How do you detect the number of physical processors/cores in .net?

8 Answers 8


returns the number of logical processors


For physical processor count you'd probably need to use WMI - the following metadata is supported in XP/Win2k3 upwards (Functionality enabled in SP's prior to Vista/Win2k8).

Win32_ComputerSystem.NumberOfProcessors returns physical count

Win32_ComputerSystem.NumberOfLogicalProcessors returns logical (duh!)

Be cautious that HyperThreaded CPUs appear identical to multicore'd CPU's yet the performance characteristics are very different.

To check for HT-enabled CPUs examine each instance of Win32_Processor and compare these two properties.



On multicore systems these are typically the same the value.

Also, be aware of systems that may have multiple Processor Groups, which is often seen on computers with a large number of processors. By default .Net will only using the first processor group - which means that by default, threads will utilize only CPUs from the first processor group, and Environment.ProcessorCount will return only the number of CPUs in this group. According to Alastair Maw's answer, this behavior can be changed by altering the app.config as follows:

      <Thread_UseAllCpuGroups enabled="true"/>
      <GCCpuGroup enabled="true"/>
      <gcServer enabled="true"/>
  • You should note, it's supported only in XP SP3/Win2k3 and upwards. Oct 9, 2008 at 20:10

While Environment.ProcessorCount will indeed get you the number of virtual processors in the system, that may not be the number of processors available to your process. I whipped up a quick little static class/property to get exactly that:

using System;
using System.Diagnostics;

/// <summary>
/// Provides a single property which gets the number of processor threads
/// available to the currently executing process.
/// </summary>
internal static class ProcessInfo
    /// <summary>
    /// Gets the number of processors.
    /// </summary>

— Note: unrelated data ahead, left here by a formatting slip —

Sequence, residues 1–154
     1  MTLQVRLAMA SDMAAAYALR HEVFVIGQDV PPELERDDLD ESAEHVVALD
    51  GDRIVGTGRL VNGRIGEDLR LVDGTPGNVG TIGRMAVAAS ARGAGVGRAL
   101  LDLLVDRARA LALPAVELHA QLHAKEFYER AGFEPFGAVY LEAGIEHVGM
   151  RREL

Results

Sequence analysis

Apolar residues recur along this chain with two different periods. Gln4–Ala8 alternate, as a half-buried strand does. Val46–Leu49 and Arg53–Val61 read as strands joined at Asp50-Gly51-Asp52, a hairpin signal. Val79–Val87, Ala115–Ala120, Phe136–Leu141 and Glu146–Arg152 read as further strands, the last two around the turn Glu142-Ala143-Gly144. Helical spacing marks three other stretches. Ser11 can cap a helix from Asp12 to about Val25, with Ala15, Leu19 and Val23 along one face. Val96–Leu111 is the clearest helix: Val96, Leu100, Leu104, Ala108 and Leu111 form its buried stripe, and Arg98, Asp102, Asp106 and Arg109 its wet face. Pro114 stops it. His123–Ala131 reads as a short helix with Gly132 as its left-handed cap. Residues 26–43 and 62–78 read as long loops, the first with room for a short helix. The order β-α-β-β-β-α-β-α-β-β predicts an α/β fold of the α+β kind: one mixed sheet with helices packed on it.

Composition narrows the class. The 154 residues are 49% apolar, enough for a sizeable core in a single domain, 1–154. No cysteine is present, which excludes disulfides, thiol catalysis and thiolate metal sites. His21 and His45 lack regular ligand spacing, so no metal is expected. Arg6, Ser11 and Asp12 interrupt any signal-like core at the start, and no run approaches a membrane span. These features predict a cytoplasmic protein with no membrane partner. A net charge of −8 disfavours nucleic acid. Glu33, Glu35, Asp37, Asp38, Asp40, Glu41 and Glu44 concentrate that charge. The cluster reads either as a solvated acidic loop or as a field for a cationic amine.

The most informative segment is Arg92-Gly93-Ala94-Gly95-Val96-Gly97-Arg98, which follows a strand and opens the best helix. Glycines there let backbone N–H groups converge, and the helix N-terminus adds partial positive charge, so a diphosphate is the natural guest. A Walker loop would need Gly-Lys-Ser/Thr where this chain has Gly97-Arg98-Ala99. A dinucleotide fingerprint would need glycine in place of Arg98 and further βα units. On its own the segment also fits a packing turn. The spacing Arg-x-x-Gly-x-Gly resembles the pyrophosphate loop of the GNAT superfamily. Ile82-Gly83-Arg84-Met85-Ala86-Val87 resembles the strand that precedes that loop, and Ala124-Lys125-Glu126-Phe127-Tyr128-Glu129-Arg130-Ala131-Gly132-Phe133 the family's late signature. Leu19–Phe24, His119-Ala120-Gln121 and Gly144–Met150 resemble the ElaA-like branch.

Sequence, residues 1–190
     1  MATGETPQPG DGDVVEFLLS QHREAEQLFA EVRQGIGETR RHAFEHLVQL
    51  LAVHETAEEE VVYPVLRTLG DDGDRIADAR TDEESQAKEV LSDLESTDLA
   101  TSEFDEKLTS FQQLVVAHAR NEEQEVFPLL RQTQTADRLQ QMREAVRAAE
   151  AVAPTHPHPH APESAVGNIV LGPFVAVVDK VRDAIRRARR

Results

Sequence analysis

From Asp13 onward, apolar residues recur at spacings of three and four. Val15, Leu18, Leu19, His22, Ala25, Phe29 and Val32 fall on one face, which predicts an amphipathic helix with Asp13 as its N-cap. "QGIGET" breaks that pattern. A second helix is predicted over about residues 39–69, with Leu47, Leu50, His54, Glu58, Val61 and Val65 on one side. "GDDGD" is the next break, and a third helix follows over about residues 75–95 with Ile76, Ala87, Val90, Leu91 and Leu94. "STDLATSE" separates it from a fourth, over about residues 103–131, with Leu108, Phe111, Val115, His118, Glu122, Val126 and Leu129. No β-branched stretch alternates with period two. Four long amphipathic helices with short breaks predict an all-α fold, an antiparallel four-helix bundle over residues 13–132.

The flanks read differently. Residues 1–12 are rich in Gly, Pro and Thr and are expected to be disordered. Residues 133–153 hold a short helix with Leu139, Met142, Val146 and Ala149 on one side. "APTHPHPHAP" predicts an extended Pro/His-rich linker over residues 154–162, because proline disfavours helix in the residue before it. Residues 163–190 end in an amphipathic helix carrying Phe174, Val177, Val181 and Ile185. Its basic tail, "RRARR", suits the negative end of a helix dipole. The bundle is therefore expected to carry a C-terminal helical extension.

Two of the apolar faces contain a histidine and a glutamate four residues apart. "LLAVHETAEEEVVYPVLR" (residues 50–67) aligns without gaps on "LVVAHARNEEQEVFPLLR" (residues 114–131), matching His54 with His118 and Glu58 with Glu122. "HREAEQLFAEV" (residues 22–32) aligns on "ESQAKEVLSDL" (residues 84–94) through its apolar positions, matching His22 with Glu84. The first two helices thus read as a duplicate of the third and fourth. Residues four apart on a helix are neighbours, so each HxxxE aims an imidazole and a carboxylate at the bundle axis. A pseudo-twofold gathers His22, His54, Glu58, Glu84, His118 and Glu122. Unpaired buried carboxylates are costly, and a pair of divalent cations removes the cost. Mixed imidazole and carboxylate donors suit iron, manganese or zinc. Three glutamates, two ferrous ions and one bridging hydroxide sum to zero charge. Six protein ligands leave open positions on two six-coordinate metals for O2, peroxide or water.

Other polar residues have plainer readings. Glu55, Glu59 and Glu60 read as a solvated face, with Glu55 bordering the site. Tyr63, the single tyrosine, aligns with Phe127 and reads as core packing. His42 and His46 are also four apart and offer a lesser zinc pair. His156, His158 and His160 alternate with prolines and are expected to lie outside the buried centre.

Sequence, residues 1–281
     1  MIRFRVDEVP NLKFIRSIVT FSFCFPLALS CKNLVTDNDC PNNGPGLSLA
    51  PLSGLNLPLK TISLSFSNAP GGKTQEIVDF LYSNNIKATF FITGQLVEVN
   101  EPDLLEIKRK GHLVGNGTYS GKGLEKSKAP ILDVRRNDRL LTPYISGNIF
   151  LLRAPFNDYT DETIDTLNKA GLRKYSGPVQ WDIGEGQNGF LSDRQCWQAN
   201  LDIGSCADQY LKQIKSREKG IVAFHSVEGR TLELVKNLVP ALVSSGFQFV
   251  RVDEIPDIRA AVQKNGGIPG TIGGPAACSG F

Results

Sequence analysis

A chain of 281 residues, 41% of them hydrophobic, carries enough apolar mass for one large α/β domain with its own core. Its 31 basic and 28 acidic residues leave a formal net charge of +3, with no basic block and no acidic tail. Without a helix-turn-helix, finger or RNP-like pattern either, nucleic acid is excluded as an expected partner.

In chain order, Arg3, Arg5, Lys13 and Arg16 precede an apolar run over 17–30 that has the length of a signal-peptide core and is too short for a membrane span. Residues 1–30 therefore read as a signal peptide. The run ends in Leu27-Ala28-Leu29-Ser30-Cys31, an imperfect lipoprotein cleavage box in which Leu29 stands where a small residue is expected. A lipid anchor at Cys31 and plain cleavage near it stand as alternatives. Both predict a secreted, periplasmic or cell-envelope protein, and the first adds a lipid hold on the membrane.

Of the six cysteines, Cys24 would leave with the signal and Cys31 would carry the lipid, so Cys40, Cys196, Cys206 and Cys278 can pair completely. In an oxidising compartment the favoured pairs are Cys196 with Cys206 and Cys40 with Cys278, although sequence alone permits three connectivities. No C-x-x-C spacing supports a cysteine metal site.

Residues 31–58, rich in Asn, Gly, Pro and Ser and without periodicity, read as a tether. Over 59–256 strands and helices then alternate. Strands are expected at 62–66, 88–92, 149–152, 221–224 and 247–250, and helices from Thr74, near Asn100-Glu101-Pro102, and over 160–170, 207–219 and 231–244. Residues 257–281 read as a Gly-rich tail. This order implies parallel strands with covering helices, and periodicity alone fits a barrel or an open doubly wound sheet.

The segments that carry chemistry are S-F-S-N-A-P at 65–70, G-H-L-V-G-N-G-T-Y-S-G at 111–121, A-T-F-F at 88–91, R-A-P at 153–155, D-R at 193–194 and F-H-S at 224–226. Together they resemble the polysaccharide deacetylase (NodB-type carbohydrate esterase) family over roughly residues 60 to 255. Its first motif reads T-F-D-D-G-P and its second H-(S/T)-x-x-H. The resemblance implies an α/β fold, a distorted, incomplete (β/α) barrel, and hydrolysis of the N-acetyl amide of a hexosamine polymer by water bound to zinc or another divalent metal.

/// <value>The number of processors.</value>
    internal static uint NumberOfProcessorThreads
            uint processAffinityMask;

            using (var currentProcess = Process.GetCurrentProcess())
                processAffinityMask = (uint)currentProcess.ProcessorAffinity;

            const uint BitsPerByte = 8;
            var loop = BitsPerByte * sizeof(uint);
            uint result = 0;

            while (--loop > 0)
                result += processAffinityMask & 1;
                processAffinityMask >>= 1;

            return (result == 0) ? 1 : result;
  • 1
    +1 for answering my question in a different post. stackoverflow.com/questions/2134566/…
    – Russ
    Jan 25, 2010 at 18:55
  • 4
    +1 not having all cores available can happen in quite a few scenarios, such as ASP.NET code in a "web-garden" configuration.
    – Jon Hanna
    Dec 8, 2011 at 15:58
  • This does not answer the original question. ProcessorAffinity gets the "the processors on which the threads in this process can be scheduled to run," not the number of physical processors. On my Core i7, (4 cores w/ HT), ProcessorAffinity returns 255, which means 8 processors, which is not the number of physical processors.
    – Conrad
    Jan 23, 2013 at 14:53

This actually varies quite a bit depending on the target platform. Stephbu's answer will work great on XP SP3 and newer.

If you are targeting older platforms, you may want to check out this article. I wrote it about half a year ago and in it I discuss several different ways to do this as well as the individual pros and cons of each method.

You may also want to check out this code project article if you are interested in differentiating shadow cores from hyperthreading from real ones.


System.Environment.ProcessorCount is what you need

  • posted Environment.GetEnvironmentVariable("NUMBER_OF_PROCESSORS") first, but then I realized it was already parsed in a separate property Oct 9, 2008 at 18:22
  • ProcessorCount returns the number of logical processors, not the number of physical processors or even the number of cores. Not what the OP was asking.
    – Conrad
    Jan 31, 2013 at 15:09


EDIT: available in .NET 2.0, not in .NET 1.1

  • 1
    Doesn't return the number of cores however. Only logical CPUs
    – stephbu
    Oct 9, 2008 at 18:33

Environment.ProcessorCount will also include any hyperthreaded processors.

There is no way (at least up through Windows 2003) to distinguish a hyperthreaded processor from one with two cores.

  • Not quite true - there were several service packs to enable WMI CPU metadata for both XP and Win2k3
    – stephbu
    Oct 9, 2008 at 18:31
  • Fair enough -- when I needed to do it I was wanting to simply use the Win32 APIs not dig through WMI (especially if I had to know which processor had which features)
    – Rob Walker
    Oct 9, 2008 at 19:41

Don't have enough rep for the wiki, but note that in addition to XPSP2, Windows 2003 Server SP1 and SP2 also need a hotfix to enable this functionality:



You can use PowerShell to access comprehensive processor information. For example, you can run the following command to get the number of CPU cores:

Get-WmiObject -namespace root\CIMV2 -class Win32_Processor -Property NumberOfCores

It's much easier to research WMI when using some kind of explorer tool. So, I can suggest using WMI browsing tool (e.g. WMIExplorer or WMI CIM Studio) to explore WMI classes, properties and methods.

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